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Diseases

Genetic and Rare Diseases Information Center (GARD)

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Parkes Weber syndrome


Other Names for this Disease
  • Cutaneous flush with underlying multiple micro arteriovenous fistulas, soft tissue and skeletal hypertrophy of the affected limb
  • PKWS
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Treatment


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How might Parkes Weber syndrome be treated?

For capillary malformations (such as port wine stains) that are of cosmetic concern, individuals may be referred to a dermatologist. For arteriovenous malformations (AVMs) and arteriovenous fistulas (AVFs), the risks and benefits of intervention (i,e, embolization versus surgery) may be considered, usually with input from a multi-disciplinary team (e.g., specialists in interventional radiology, neurosurgery, surgery, cardiology, and dermatology). For risks associated with heart failure, referral to a cardiologist may be warranted. Hypertrophy (overgrowth) of the limb and/or difference in size between limbs may be treated surgically by an orthopedist.[1]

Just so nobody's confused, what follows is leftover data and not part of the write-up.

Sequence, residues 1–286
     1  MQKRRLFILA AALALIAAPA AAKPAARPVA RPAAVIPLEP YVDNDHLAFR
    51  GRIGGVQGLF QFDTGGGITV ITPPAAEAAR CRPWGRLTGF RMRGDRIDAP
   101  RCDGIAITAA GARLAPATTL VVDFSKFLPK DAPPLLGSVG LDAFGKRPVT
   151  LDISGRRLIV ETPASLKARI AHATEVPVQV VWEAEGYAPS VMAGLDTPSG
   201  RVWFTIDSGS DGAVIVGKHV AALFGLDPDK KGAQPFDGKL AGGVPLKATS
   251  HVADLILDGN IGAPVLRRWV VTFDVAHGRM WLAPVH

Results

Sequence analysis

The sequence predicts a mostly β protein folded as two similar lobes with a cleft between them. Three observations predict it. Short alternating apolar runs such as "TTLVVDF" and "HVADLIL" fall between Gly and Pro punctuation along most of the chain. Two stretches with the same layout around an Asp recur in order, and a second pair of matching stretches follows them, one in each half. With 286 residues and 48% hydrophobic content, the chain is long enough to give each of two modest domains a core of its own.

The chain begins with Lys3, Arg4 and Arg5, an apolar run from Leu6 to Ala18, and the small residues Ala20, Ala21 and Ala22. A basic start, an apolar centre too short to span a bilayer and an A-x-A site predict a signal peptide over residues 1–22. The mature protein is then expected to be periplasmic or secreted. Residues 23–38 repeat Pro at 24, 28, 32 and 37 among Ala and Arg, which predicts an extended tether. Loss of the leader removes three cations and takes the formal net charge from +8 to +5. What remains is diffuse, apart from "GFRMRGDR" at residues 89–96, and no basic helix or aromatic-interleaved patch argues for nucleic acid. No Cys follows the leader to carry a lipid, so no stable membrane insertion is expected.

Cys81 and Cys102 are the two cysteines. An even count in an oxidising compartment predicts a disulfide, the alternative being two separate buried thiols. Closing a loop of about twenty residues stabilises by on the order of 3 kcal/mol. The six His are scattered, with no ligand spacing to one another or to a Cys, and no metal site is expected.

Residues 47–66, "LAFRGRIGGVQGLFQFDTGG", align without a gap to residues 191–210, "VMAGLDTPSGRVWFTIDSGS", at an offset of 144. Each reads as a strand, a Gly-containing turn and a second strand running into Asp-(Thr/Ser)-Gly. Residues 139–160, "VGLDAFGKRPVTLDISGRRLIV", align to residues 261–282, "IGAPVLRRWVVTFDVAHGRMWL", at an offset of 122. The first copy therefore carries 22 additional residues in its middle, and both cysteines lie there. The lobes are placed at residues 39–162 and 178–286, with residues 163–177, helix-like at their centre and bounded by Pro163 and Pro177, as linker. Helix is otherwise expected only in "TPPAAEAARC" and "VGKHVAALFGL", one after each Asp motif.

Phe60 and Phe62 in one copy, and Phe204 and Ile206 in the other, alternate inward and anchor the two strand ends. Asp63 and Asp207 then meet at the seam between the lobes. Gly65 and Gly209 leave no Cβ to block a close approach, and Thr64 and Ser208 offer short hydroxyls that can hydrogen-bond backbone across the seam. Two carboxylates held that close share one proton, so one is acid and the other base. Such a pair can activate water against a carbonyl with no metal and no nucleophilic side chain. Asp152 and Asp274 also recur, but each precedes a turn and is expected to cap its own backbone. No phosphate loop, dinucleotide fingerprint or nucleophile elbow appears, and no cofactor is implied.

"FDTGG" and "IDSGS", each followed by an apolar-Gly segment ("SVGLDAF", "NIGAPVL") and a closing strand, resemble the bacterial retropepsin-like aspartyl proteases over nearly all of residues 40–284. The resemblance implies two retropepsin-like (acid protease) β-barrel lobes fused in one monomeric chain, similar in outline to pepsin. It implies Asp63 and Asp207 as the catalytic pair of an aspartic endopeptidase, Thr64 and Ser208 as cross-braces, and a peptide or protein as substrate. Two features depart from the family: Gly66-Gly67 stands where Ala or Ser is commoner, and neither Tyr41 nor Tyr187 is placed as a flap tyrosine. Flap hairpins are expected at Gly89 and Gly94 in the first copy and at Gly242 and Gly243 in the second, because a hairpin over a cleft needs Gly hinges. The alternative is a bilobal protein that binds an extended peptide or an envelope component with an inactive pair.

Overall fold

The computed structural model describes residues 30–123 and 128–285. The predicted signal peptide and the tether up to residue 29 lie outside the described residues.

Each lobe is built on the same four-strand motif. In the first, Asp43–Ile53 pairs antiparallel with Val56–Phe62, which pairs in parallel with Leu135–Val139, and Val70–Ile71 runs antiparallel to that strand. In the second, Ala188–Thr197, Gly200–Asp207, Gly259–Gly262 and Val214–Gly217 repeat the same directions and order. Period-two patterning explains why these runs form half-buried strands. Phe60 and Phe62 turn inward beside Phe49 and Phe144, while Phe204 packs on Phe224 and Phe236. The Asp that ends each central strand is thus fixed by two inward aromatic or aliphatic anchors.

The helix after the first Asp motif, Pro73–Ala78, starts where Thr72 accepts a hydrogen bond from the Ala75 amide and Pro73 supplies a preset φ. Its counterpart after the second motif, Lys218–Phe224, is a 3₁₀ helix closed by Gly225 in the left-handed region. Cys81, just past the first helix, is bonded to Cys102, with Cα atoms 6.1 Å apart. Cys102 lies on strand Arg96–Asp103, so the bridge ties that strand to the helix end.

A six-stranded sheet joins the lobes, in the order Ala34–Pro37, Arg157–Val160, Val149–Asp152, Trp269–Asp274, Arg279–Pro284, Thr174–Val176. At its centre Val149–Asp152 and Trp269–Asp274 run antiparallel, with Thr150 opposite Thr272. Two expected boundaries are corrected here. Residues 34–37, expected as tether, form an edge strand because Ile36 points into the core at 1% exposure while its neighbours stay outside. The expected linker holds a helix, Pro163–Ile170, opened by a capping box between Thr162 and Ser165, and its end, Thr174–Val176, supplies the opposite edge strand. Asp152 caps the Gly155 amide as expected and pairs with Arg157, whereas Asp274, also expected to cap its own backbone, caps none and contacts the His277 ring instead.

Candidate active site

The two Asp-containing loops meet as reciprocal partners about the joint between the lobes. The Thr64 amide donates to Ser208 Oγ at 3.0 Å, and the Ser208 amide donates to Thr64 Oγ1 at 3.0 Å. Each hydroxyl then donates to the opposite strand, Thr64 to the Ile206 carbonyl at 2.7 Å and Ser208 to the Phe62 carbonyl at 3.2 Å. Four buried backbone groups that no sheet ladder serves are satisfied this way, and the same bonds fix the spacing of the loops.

Supportive care may include compression garments (tight-fitting pieces of clothing on the affected limb to reduce pain and swelling); these may also protect the limb from bumps and scrapes, which can cause bleeding. Heel inserts may be used if the legs are different lengths, which can aid in walking normally. Various pain medications and antibiotic medications may be prescribed as needed.[2]
Last updated: 6/9/2011

References
  1. Pinar Bayrak-Toydemir, David Stevenson. RASA1-Related Disorders. GeneReviews. February 22, 2011; http://www.ncbi.nlm.nih.gov/books/NBK52764/. Accessed 6/9/2011.
  2. Parkes Weber syndrome. Children's Hospital Boston. 2011; http://childrenshospital.org/az/Site2919/mainpageS2919P1.html. Accessed 6/8/2011.


Management Guidelines

  • GeneReviews provides current, expert-authored, peer-reviewed, full-text articles describing the application of genetic testing to the diagnosis, management, and genetic counseling of patients with specific inherited conditions. Click on the link to view the article on this topic.

Clinical Trials & Research for this Disease

  • ClinicalTrials.gov lists trials that are studying or have studied Parkes Weber syndrome. Click on the link to go to ClinicalTrials.gov to read descriptions of these studies.